After a three month hiatus, the 2016-2017 fishing season of the Queen Conch (Strumbus Gigas) officially re-opened on Saturday, October 1st. Every year, conch represents a significant source of revenue for traditional fishermen, and its harvesting generates millions of dollars for Belize’s fishing Industry. The season runs from October 1st until June 30th of the following year. However, if the conch quota is met before the season ends, then the Cooperative Department of the Belize Fisheries Department (BFD) has the right to close the season early, which they did last year.
Since 1992, Queen Conch has been listed under the Convention on International Trade in Endangered Species of Wild Fauna and Flora (CITES) Appendix II, which has controls on international trade. The export of any specimen of a species listed under this appendix requires the prior grant and presentation of an export permit. An export permit shall only be granted when the following conditions have been met: (a) a Scientific Authority of the State of export has advised that such export will not be detrimental to the survival of that species; (b) a Management Authority of the State of export is satisfied that the specimen was not obtained in contravention of the laws of that State for the protection of fauna and flora; and(c) a Management Authority of the State of export is satisfied that any living specimen will be so prepared and shipped as to minimize the risk of injury, damage to health or cruel treatment.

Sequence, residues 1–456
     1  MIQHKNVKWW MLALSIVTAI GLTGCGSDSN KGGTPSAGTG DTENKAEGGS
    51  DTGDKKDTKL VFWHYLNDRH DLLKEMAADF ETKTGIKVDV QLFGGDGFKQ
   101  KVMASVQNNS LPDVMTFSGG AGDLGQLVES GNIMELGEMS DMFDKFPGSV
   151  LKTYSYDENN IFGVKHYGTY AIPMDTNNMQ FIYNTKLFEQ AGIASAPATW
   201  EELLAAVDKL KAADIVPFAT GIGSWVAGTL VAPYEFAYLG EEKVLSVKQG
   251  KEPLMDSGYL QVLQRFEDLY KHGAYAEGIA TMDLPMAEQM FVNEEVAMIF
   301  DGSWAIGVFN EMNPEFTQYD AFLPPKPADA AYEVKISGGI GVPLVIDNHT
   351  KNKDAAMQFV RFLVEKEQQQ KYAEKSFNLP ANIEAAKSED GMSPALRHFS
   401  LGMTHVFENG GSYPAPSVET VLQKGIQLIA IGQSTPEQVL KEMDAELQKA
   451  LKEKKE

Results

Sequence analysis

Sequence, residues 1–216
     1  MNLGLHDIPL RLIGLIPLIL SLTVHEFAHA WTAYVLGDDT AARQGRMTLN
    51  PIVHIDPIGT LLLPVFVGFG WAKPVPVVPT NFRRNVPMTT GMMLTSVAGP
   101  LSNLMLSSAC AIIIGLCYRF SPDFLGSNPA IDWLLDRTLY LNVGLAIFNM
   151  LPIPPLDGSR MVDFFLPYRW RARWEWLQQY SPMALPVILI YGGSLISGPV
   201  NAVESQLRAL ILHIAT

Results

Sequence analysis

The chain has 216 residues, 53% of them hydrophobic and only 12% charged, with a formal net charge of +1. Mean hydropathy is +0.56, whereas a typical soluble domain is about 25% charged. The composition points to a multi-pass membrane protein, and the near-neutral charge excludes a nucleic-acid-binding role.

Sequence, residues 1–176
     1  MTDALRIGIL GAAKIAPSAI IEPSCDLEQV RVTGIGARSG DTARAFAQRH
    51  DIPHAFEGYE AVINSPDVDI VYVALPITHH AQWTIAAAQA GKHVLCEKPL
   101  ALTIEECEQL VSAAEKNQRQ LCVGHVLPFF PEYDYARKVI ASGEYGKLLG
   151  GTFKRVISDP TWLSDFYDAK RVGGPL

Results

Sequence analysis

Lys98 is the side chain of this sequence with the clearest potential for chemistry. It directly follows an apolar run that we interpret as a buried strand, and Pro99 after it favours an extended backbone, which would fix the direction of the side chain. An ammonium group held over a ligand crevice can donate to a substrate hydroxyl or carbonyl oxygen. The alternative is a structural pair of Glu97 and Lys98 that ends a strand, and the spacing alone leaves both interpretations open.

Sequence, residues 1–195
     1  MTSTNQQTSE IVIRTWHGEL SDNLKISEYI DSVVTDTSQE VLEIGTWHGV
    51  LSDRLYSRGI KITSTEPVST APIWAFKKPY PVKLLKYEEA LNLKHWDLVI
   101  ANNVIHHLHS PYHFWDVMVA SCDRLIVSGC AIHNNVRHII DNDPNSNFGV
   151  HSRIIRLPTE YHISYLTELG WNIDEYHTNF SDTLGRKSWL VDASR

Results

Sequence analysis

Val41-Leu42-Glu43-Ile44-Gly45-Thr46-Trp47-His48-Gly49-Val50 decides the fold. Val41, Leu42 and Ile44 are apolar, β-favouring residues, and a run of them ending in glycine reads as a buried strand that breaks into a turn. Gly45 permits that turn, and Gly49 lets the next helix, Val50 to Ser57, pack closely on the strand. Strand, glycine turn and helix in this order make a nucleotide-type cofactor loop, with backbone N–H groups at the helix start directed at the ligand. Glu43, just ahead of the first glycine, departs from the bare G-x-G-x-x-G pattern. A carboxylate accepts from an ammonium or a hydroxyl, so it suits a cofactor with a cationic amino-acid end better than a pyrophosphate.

To protect the industry further, the BFD is suggesting that establishments request a legal commercial Fisherman’s License from the supplier when purchasing conch for consumption. This practice will encourage fishermen to abide by the law, since persons with a commercial Fisherman’s License are the only ones authorized to catch conch.
The general public is also advised that the Queen Conch shell should exceed seven inches in length, and that establishments should not have diced conch meat in their possession. For conch flesh that has been processed as market clean, the weight should exceed three ounces, while filleted flesh which is completely processed white meat should exceed 2.75 ounces.
Failure to follow these regulations, whether it pertains to illegal harvesting of conch or possessing undersized conch, will be subjected to penalties. According to the Fisheries Act 15(1), penalties should not exceed $500 or imprisonment not exceeding six months, or both such fine and imprisonment. Guilty persons of the offence may be processed by a judge to an individual charge per conch, which normally is around $50 per conch.Click here
to read the rest of the article and see more photos on San Pedro Sun